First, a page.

As a Svesnikvov player (rated ~1800) the following idea was shown to me recently:

[Title "11. ..Qg5!?"]
[StartFlipped "1"]
[fen "rnbqkbnr/pppppppp/8/8/8/8/PPPPPPPP/RNBQKBNR w KQkq - 0 1"]

1.e4 c5 2.Nf3 Nc6 3.d4 cxd4 4.Nxd4 Nf6 5.Nc3 e5 6.Ndb5 d6 7.Bg5 a6 8.Na3 b5 9.Bxf6 gxf6 10.Nd5 f5 11.Bd3 Qg5!?

It seems quite interesting. At least 12. Nc7+ grabbing the rook leads to a nice game for Black. However White is not forced to do that.

  1. g3 is the obvious alternative, when 12. ..Rb8 seems playable. Maybe one can sac the rook even here?

However 12. ef is the computer‘s choice. The tactical point is that 12. ..Qxg2 13. Nf6+ K somewhere Be4 is just horrible for Black – and in many other variations he has problems getting the pawn back. After guarding the fork with Kd8 (or sth. else? Maybe saving the rook ist not necessary here?) White can castle. And whenever Black tries to get his pawn Back, White plays f4 with a great game. The best I found here was some line where Black got an ending with a horrible Bishop and worse pawn structure – also not very satisfying.

I‘d like to apply such a move against stronger opponents (rated 2000+, even 2200+ [in a Swiss tournament I could face such opponents]), where my "normal" winning or even drawing chances are not that great. So it is not that big of a deal if I get a slightly worse game, but I want to have great fighting chances – and the advantage that I have pre-analysed the position at home. I am also willing to give away "some" material (the f5 pawn, the a8 rook) for a nice attack. I just do not want to play the line the computer recommends after 12. ef – that‘s definitely not a position I can hold against a stronger opponent.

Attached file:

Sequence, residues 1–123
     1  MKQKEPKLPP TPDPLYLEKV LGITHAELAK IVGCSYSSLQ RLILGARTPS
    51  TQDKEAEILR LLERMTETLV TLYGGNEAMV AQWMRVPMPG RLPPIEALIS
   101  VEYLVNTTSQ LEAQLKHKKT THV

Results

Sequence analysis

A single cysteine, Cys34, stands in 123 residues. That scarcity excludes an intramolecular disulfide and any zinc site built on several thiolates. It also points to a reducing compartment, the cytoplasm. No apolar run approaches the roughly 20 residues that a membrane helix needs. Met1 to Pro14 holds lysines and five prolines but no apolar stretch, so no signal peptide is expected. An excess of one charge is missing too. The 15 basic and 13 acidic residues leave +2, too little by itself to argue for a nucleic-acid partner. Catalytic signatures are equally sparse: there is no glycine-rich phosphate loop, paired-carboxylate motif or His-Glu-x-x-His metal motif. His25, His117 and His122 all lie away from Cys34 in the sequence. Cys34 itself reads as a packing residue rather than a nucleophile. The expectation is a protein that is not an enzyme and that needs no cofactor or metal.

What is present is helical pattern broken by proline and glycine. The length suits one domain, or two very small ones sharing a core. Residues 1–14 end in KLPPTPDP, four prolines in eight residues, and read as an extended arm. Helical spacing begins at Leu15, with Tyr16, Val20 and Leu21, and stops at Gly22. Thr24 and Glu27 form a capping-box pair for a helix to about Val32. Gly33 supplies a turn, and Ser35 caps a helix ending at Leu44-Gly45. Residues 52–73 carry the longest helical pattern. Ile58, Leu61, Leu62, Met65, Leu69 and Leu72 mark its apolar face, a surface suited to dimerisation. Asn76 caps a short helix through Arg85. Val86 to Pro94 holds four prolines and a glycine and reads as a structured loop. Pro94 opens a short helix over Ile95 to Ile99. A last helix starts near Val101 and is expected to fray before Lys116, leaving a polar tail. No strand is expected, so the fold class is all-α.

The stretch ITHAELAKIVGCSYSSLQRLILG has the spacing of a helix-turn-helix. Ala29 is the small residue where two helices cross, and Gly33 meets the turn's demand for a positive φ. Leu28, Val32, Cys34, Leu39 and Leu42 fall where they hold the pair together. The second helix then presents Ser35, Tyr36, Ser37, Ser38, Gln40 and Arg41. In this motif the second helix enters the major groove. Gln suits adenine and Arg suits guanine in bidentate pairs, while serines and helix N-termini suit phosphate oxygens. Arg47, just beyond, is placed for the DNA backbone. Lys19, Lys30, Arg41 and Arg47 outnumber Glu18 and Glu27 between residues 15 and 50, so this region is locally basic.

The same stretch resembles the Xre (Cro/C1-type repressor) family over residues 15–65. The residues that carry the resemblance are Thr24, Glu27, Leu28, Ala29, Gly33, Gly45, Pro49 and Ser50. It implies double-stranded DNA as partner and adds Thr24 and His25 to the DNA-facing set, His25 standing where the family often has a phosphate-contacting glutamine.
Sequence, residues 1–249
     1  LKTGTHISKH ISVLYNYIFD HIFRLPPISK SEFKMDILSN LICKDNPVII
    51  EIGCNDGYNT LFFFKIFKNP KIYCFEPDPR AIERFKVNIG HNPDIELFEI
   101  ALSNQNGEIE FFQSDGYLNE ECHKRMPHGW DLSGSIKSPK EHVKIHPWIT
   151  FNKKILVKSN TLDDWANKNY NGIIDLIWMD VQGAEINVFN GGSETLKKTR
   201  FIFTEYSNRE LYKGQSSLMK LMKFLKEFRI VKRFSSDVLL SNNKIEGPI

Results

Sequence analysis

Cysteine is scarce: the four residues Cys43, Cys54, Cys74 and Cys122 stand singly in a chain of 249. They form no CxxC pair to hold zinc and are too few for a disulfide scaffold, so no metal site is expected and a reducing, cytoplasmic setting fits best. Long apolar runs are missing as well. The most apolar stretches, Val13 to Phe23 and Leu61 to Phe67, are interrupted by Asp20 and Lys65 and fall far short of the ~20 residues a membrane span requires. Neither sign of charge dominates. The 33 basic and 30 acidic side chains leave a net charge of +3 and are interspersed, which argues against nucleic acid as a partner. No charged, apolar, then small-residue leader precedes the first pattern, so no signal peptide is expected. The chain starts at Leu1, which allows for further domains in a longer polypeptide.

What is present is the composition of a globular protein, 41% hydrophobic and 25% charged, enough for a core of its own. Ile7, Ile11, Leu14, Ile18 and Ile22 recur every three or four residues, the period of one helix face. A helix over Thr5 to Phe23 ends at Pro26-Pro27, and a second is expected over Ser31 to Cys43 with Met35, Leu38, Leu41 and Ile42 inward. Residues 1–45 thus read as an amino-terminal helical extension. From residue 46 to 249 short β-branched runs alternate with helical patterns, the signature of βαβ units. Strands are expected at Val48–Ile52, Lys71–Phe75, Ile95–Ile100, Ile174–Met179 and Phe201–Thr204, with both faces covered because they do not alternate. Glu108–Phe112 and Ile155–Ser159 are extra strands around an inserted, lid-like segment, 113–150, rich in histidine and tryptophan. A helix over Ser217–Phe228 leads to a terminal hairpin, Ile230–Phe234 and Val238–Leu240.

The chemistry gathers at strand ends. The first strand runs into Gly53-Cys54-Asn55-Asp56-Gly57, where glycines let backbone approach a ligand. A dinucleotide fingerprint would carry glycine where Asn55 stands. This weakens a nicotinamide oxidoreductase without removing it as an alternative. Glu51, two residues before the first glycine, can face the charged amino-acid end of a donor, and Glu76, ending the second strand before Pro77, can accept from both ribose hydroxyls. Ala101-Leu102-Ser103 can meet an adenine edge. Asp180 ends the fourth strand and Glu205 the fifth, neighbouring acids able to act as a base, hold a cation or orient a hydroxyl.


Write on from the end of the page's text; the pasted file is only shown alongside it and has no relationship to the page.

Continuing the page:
So my question is: Do you have any experience playing this line? Are many players aware of 12. ef or find that move on the board? Is there a more fighting continuation (which may be objectively worse, but where White has to play very precise)? If White does not grab the rook right away with 12. Nc7+, do I really have to protect it next move? For example, after 12. g3, does Black have (crazy?) attacking chances, if he gives up his rook?

I do not want to discuss the concept of playing an objectively worse move against a stronger opponent just to get some chances, if he fails to find the best moves. Both "Forget about 11. ..Qg5, just spend your time on analysing 11. ..Be6 and try to beat your opponents there" or "play the board, not the player!" may (or may not) be reasonable suggestions, but they are of no interest here.

1 Answer 1


I looked at that line a few years back, with the same intention of surprising stronger players. But I never played it in a tournament game and my blitz games didn't lead to particularly positive emotions …

I think 12.ef definitely can be found by a decent player and the only reason why people probably won't play it is, that there is an abundance of good other, more solid, moves. If I remember correctly even 12.g4 can be played.

No strong player will just grab the rook against a weaker player, if he has never seen the line before. Actually I think, that this kind of semi-bluff works better if grabbing material is the only decent way to continue.

So my conclusion was that 11…Qg5 means taking a risk without having a realistic hope of getting a reward. You would have to prepare against 12.Nc7, g3, g4, ef, Qf3, 0-0 and none of these moves is even an outright blunder for white!

If you want to lead your opponent on a very narrow path through the jungle, that only one can leave alive, make sure the path is not just narrow for yourself.

  • Thanks a lot for your answer. Although of course I would have been happier if you could have told me "Yep, Qg5 is a great move, just do this and that." – but it seems that is just not possible …
    – Keba
    Dec 26, 2014 at 11:24
  • (I‘ll wait some time before accepting your answer, maybe another user wants to reply here.)
    – Keba
    Dec 26, 2014 at 11:24

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